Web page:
"I PAINTED MYSELF OUT OF MY PAINTING."
Milton Resnick painted himself out of the picture. To paraphrase his famous quote. It has a lot of meanings. Long story short.
Like his paintings those meanings are, among other things, layered, inscrutable, crusty, thick, severe, and ambiguous.
Pollock was in his pictures. De Kooning was in his pictures. Maybe you couldn't see it, but you could definitely feel it. I would argue that the same is true of Resnick's paintings, although I think that what he was trying to say was that he removed himself from his paintings, that they were something other than him, not just about or of something other than him.
Ultimately there is something of a great paradox at work here. By removing himself from his paintings they became suffocatingly him, every fiber, ever brush stroke, every breath of air.
Every painter asks this question, how present am I, have I managed to step aside, is it too much about me, all about me, how much "I" is there? Enough? Too much? Is it just a point of view, or something more? How much can you get away with, how much can you get away without?
Monet's Water Lilies. He isn't in them but you can't separate them. He owns them. Anyone else who tries to paint them has to pay a toll.
There is the artist's presence. But there is also this other thing. Ego. Pride, if we go pre-Freudian. I think Resnick was indeed talking about the latter. Painting his ego out of the painting. The I. But also the pride and even the presence.
Again, I would argue that if he said, show me where I am, show me a single mark, find me, I dare you, I would say, you are everywhere.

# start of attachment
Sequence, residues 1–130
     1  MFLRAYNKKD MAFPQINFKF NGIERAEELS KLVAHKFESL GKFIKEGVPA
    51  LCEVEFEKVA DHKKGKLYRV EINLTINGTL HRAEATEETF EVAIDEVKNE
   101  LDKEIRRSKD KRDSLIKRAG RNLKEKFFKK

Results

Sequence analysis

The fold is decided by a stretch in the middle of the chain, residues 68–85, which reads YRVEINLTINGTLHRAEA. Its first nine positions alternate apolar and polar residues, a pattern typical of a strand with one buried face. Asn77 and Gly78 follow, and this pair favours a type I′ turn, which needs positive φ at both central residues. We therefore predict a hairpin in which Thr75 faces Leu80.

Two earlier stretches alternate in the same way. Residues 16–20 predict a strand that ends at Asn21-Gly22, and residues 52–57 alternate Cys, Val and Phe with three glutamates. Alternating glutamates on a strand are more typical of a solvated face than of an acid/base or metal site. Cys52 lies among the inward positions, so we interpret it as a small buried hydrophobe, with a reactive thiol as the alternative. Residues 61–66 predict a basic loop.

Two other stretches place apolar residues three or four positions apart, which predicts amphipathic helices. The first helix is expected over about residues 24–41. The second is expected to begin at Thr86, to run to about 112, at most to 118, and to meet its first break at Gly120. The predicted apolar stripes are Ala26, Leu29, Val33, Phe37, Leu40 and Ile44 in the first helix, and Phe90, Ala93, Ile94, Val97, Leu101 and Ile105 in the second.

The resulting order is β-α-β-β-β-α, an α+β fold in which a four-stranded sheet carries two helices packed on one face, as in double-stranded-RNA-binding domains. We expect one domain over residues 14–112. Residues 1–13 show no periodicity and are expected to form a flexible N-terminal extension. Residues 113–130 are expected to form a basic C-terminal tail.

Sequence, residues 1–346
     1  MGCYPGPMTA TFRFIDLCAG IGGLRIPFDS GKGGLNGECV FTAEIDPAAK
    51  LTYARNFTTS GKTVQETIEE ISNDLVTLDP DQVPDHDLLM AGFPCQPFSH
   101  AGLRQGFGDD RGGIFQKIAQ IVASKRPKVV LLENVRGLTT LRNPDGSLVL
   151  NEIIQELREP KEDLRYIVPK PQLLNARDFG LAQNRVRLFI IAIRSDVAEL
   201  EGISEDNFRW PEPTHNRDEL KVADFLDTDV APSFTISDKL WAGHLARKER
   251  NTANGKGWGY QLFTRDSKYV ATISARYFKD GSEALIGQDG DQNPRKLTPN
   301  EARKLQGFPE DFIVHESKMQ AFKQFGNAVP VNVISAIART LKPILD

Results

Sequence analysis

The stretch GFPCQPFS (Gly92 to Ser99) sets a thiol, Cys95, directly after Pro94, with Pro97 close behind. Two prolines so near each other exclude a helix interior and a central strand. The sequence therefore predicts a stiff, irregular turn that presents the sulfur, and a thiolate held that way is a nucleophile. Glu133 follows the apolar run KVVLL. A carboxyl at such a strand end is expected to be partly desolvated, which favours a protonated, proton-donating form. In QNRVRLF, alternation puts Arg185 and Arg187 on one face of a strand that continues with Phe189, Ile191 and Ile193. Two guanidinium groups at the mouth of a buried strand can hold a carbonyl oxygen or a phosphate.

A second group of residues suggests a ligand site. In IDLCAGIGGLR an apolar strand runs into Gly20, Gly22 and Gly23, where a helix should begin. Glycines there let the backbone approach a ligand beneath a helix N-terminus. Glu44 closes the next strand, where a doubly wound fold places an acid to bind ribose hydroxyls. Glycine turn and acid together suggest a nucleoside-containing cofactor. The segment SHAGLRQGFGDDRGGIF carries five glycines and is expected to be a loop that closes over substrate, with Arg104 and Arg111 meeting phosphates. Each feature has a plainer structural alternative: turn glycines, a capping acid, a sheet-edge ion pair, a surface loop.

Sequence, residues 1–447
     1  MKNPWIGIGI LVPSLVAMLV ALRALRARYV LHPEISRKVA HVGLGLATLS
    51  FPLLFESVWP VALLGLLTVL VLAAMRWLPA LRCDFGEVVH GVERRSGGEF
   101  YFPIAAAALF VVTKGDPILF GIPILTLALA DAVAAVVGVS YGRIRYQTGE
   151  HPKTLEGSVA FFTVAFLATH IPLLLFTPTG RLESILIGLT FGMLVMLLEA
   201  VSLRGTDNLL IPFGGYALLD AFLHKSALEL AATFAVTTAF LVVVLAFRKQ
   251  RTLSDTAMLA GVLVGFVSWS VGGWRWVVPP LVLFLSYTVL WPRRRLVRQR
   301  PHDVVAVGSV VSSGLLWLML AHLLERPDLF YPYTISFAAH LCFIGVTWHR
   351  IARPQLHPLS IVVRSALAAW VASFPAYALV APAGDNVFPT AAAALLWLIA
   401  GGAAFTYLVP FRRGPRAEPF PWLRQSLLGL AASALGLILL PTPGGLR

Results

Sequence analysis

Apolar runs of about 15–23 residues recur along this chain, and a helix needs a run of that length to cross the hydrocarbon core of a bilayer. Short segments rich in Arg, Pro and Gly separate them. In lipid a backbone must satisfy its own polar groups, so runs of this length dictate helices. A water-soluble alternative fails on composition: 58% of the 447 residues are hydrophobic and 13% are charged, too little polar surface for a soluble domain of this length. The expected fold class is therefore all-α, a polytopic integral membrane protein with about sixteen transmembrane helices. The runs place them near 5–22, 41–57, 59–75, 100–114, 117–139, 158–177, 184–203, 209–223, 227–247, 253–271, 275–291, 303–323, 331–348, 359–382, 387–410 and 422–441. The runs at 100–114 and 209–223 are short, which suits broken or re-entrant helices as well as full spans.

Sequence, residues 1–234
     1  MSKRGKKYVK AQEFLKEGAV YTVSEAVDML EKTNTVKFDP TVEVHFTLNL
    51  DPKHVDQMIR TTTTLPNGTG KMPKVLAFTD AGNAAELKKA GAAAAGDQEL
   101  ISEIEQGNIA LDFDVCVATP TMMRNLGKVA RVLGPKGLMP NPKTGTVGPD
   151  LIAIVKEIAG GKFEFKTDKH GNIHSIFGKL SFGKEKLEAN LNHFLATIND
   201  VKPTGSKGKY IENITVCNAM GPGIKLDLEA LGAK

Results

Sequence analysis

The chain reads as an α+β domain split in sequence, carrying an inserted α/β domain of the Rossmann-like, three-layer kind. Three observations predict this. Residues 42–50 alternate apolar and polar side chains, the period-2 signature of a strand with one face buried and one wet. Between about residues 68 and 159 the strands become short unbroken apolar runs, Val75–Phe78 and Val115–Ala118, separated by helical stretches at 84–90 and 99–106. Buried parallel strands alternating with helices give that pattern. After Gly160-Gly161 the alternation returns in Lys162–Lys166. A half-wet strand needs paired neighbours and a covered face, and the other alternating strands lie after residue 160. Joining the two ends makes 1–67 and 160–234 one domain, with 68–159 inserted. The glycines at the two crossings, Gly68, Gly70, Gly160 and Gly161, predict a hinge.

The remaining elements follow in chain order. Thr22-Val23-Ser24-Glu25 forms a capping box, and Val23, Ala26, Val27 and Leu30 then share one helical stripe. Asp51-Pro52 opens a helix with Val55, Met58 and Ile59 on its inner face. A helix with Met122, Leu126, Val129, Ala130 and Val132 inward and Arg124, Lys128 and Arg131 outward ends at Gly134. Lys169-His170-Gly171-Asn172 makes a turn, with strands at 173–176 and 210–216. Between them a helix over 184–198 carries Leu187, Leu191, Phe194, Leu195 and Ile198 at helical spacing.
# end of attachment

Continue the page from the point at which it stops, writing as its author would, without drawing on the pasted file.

He was the man behind the curtain. That as much as he made his paintings about all things, about even God, it was according to him, his all things, his God. His work is that powerful.
Milton Resnick gave us these vast, numinous paintings like gardens or night skies or deserts where we could lose ourselves. That blanketed us in something greater than ourselves, that dwarfed us, even removed us, someplace where we weren't just insignificant, but where there was no reflection looking back at us. So you see, in a way he didn't just paint himself out of his work, but us too. Maybe we didn't like that.
The other picture that he was talking about of course was the art scene, the art world, of the 50s and 60s and 70s and 80s, his time, his moment, where what was prized and fashionable and celebrated, and on everyone's lips, and minds, and walls was not him, not the great painter. Not the household name like 50s Cedar Bar mates Pollock and de Kooning.
Those people just weren't drawn to him in that way. Which may explain why he tried to paint himself out of his paintings. That way, even if those people didn't like him, they might still like his work.
In his later years he softened just a bit. He put himself and us back into his paintings. It is hard to know what if anything we can make of this or learn from it. Maybe some things are more important than being great or famous. Maybe that is how you really paint your self out of your paintings.
Spring Hill, Late August, 2016